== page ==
Erc of Slane
|Erc of Slane|
|Feast||Ireland: 2 November; Cornwall: 31 October; Orthodox Church Calendar: 2 November|
Erc mac Dega (Latin: Ercus; Cornish: Erth; also known incorrectly as Herygh) was an Irish saint who was apparently also active in Cornwall. Tradition ascribes the foundation of the original monastery on the Hill of Slane to Saint Erc.
Erc, son of Dago, was the only member of King Laoghaire's retinue to pay homage to Saint Patrick during the latter's confrontation with the druids on the Hill of Slane in 433. St Erc is believed to be a pagan druid converted by Patrick and appointed first Bishop of Slane. Erc’s foundation in Slane had an honourable history for at least six hundred years.
It is probable he came to Kerry soon after the mission of St. Benignus, who was sent by St. Patrick in 450 to preach to the tribes of West Munster. This visit of St. Benignus was comparatively short, for he was called away to North Clare and Connaught, where his apostolic labours may have been more urgently needed. To complete the conversion of Kerry, St. Patrick sent Bishop Erc, who had spiritual charge not only of Kerry, but also of a wide range of south-west Limerick, in the heart of which lay the convent of Ita at Killeedy, over which he seems to have had jurisdiction.
Before Saint Patrick died in 461, he sent Bishop Erc southwards to Munster.
He was the special friend and tutor of St. Brendan the Navigator, the patron of Kerry. Erc is said to have trained the young Brendan at his church in Ardfert in 512. Saint Erc is also responsible for establishing the famous school at Slane, where King Dagobert II is said to have received his early education.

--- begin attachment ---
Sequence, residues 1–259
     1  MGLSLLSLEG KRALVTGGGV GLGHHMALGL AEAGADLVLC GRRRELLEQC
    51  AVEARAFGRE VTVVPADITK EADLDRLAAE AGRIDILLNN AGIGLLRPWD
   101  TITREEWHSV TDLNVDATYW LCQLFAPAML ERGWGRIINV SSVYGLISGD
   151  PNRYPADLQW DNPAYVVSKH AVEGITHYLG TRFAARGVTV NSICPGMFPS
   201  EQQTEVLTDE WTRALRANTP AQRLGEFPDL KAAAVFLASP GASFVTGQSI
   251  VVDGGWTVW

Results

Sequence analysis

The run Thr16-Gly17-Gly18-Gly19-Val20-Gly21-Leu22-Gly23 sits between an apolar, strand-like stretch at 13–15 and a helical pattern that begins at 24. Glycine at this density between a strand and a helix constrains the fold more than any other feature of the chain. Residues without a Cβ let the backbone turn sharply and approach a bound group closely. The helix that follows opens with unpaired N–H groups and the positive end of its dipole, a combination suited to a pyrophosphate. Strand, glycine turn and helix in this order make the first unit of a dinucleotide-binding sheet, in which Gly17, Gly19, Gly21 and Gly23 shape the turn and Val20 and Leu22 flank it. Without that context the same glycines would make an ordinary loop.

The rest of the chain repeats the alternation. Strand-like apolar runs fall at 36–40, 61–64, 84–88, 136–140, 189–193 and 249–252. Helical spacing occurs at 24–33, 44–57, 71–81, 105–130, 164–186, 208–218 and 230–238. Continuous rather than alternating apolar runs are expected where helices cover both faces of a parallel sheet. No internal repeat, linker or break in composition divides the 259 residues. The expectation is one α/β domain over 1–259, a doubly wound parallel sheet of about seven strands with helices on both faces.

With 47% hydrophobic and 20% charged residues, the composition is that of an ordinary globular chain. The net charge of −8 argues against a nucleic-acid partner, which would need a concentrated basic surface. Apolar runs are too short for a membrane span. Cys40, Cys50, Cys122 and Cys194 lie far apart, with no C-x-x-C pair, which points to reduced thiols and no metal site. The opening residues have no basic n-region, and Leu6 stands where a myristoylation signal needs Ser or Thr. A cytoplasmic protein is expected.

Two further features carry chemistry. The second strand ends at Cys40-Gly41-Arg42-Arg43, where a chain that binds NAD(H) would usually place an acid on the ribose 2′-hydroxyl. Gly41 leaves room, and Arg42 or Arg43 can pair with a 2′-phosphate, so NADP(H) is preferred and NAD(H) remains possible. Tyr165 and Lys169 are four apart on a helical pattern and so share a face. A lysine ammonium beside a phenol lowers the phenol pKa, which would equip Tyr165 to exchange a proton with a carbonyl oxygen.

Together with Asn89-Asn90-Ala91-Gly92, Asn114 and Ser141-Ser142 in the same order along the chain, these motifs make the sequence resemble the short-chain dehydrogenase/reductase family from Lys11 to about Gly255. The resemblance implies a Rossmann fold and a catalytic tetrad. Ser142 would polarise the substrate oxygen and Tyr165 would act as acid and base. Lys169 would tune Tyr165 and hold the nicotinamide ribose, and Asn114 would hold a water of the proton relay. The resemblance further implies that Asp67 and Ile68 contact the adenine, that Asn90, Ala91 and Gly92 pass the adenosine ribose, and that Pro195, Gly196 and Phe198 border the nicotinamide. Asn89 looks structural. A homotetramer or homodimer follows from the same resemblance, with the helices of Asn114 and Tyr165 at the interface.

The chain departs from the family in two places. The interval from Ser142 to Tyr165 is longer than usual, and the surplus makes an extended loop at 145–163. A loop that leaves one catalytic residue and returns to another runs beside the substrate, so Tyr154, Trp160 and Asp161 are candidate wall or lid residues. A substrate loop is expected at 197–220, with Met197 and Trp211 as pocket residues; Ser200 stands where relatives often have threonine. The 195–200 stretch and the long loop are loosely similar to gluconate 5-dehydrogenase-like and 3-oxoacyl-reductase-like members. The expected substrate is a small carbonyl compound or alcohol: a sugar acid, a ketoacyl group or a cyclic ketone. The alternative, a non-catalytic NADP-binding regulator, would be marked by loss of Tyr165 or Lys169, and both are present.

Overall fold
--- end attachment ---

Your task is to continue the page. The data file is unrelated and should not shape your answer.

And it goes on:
Dean Cogan, a native of Slane, in the nineteenth century called Erc a man of great sanctity and usefulness. Patrick is reputed to have said, "Bishop Erc - Everything he judged was just; Everyone that passes a just judgement - Shall receive the blessing of Bishop Erc".
In the 16th century, the hill-top monastery became a Franciscan friary supported by the Flemings. In the grounds of Slane Castle are the ruins of St Erc's Hermitage. This consists of a late fifteenth or early sixteenth century chapel and an earlier dwelling. The 12th century martyrology of Gorman calls him "Erc of Slane, bishop of Lilcach and from Ferta Fer Feic beside Sid Truim from the West." Ferta Fear Fiac means "the Graves of the Men of Fiac".
The Cornish Saint Erc is generally, though not certainly, believed to be the same man. He was the brother of Saints Uny and Ia and crossed from Ireland to Cornwall, where a church and the village of St Erth are dedicated under his patronage. His feast in Cornwall is 31 October. Little is recorded of him apart from what William of Worcester wrote in 1478: "Saint Herygh, the brother of Saint Uny, a bishop, lies in a certain church situated under the cross of the church of Saint Paul in London; his day is kept on the vigil of All Saints, that is, the last day of October ... Saint Hya ... the sister of Saint Herygh ..." (quoted in Doble (1960)). (The statement about St Paul's may be due to a mistaken identification with St Erconwald.) At Trevessa in the parish of St Erth was a chapel of St Ercus in 1403.
Many years later Erc returned to Slane and lived out his declining years in prayer and solitude in a quiet hermitage beside the Boyne. Erc died in 2 November 514, aged 93 years. His feast in Ireland is 2 November.
- "Christianity Down The Years In Slane", Parish of Slane & Monknewtown
- "Slane Historic Trail", Meath Tourism
- O'Connor, Denis. "Diocese of Kerry and Aghadoe." The Catholic Encyclopedia. Vol. 8. New York: Robert Appleton Company, 1910. 9 May 2013
- "Saint Brigid and Saint Erc", Saint Conleth's Catholic Heritage Association
- Rice, V.Rev G., "Christianity in Slane", Slane History and Archaeology Society
- "Slane Times - Past and Present", Slane Tourism
- Trench, C. E. F. (1995). Slane. An Taisce - the National Trust for Ireland. ISBN 0-903693-09-7.
- Doble, G. H. (1960) The Saints of Cornwall: part 1. Truro: Dean and Chapter; pp. 95–96, (1960)
- "St. Erc's Hermitage", Slane History and Archaeology Society